• Patti Hatton

Love Your Enemy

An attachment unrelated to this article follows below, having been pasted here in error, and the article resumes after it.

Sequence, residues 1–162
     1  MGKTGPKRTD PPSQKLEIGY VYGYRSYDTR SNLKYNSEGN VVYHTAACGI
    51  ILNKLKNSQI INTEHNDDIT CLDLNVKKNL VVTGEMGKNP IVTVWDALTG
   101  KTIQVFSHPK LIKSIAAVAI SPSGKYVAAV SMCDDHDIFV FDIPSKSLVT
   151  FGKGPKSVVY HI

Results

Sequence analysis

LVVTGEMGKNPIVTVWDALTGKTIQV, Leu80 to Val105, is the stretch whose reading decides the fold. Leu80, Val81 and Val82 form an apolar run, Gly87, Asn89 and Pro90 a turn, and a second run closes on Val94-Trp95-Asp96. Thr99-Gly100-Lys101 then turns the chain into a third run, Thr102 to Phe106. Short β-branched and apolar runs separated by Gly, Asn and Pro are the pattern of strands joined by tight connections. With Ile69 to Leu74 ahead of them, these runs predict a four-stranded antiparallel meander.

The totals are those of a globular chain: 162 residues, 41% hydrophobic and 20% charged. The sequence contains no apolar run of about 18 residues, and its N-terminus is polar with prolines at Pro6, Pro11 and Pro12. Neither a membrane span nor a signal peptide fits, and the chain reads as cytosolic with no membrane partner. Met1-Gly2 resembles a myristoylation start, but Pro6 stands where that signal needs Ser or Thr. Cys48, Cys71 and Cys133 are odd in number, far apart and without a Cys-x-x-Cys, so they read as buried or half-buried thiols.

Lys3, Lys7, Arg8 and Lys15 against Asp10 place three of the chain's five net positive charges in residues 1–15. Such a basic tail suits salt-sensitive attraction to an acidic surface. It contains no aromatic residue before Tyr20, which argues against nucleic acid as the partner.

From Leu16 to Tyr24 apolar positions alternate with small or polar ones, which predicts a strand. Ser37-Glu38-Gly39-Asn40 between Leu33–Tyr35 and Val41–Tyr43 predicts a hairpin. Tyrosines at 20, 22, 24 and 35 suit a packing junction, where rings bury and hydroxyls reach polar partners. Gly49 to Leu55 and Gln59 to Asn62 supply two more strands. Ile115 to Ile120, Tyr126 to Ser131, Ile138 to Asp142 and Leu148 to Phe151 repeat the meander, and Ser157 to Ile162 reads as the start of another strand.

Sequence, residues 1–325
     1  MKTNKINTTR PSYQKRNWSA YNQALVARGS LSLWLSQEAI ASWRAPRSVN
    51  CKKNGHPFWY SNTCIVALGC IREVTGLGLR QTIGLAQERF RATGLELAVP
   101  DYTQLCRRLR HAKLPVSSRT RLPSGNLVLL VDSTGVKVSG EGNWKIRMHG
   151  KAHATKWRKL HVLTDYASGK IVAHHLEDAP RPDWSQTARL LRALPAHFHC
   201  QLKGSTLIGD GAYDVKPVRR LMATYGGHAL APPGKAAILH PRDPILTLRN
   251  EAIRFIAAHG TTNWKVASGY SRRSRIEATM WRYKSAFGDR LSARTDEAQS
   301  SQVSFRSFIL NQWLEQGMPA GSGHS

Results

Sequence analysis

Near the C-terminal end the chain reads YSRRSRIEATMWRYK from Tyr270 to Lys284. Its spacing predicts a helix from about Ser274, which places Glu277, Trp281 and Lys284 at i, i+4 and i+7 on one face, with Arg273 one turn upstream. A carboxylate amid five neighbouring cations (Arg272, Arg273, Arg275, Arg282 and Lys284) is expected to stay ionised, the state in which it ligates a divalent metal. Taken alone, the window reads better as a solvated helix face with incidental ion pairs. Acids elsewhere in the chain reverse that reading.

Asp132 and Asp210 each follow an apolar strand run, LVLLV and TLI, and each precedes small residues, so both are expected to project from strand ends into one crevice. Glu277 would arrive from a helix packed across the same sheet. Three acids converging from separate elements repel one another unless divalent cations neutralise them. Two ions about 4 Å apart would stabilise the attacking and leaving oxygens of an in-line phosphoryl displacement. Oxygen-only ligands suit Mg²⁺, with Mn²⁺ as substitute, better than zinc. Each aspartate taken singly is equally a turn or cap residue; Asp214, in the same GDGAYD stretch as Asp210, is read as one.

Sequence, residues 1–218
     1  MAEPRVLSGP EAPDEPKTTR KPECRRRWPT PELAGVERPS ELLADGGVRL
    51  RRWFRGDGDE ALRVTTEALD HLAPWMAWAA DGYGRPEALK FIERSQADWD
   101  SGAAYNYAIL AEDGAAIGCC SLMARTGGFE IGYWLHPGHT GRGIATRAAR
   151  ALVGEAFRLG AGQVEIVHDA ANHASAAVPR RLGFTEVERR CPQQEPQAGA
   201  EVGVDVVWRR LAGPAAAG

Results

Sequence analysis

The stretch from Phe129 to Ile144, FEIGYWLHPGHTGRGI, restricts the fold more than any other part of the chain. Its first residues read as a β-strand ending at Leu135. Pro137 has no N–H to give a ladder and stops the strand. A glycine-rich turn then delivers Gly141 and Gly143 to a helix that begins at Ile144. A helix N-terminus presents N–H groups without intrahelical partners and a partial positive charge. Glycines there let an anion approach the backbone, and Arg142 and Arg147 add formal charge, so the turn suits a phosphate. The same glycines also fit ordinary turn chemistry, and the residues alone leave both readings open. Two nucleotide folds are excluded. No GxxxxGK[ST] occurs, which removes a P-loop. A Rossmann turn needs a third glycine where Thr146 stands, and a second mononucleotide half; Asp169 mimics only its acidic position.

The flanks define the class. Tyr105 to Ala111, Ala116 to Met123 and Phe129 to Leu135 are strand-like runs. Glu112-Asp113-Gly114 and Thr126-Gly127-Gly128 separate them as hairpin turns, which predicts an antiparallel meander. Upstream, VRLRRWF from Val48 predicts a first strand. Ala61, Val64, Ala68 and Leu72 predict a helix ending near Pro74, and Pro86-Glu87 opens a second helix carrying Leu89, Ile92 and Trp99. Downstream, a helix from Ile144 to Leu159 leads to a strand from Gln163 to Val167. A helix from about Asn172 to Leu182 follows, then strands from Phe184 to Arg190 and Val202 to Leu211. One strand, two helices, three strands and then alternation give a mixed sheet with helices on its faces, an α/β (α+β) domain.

Fear serves a healthy purpose when the clouds become dark and a dangerous storm is approaching, and animosity is a normal reaction to an armed robbery, but these emotions become toxic when they linger past the purpose they were intended to serve. How do we overcome these emotions? Scripture tells us to bring every thought captive, to praise God in all circumstances and to love our enemies, which feels very unnatural when we are in pain. But if we want to gain control over our mind and emotions, we will consider the wisdom behind these commands. Many times, the offenses we ruminate over have to do with petty circumstances such as a friend saying the wrong thing or a mother-in-law overstepping her boundaries. (Be on the lookout for a vlog with Lisa Lou and Cecelia on healthy Mother/Daughter-in-law relationships!) Our quality of life will be a direct reflection of our state of mind. Protective boundaries against harm are imperative but obsessing over offenses does not serve us well. Here is an exercise used by psychologists to help break fixated thought patterns: 1. Go to a place in your mind where you feel calm, peaceful, and loved. Some may see themselves by a stream or in the mountains, and others on a beach watching a sunset. All is well in your safe place and you feel relaxed and at one with yourself. 2. Picture your enemy, or the person that caused an offense in your mind and allow the same feelings of love and beauty you are experiencing to enter them. Stay in this place until you see this person receiving the same good that you are receiving. 3. The next time this person comes to mind or you interact with them, go to that place of refuge and safety and see them through the lens of love. For the believer, we can do the same exercise, but we internalize God’s love in the midst of visiting our place of refuge. His love is greater and more powerful than anything we can provide. When we allow and offer that love to another, even our enemy, it changes our disposition. It breaks the stronghold of allowing our damaged emotions to rule our thought processes. It sets us free as we see the enemy as someone who is also in need of the Father’s love. This exercise does not require our protective boundaries to change, but our minds will shift to willing good into the life of the person we once thought had hurt us. The same applies to praising God in all circumstances. Love overcomes evil. And when we shift our thinking from our pain to a God who sees and knows our circumstances, we can put our faith in a power greater than ourselves to care and act on our behalf. God’s got you! Patti Hatton, MA, LPC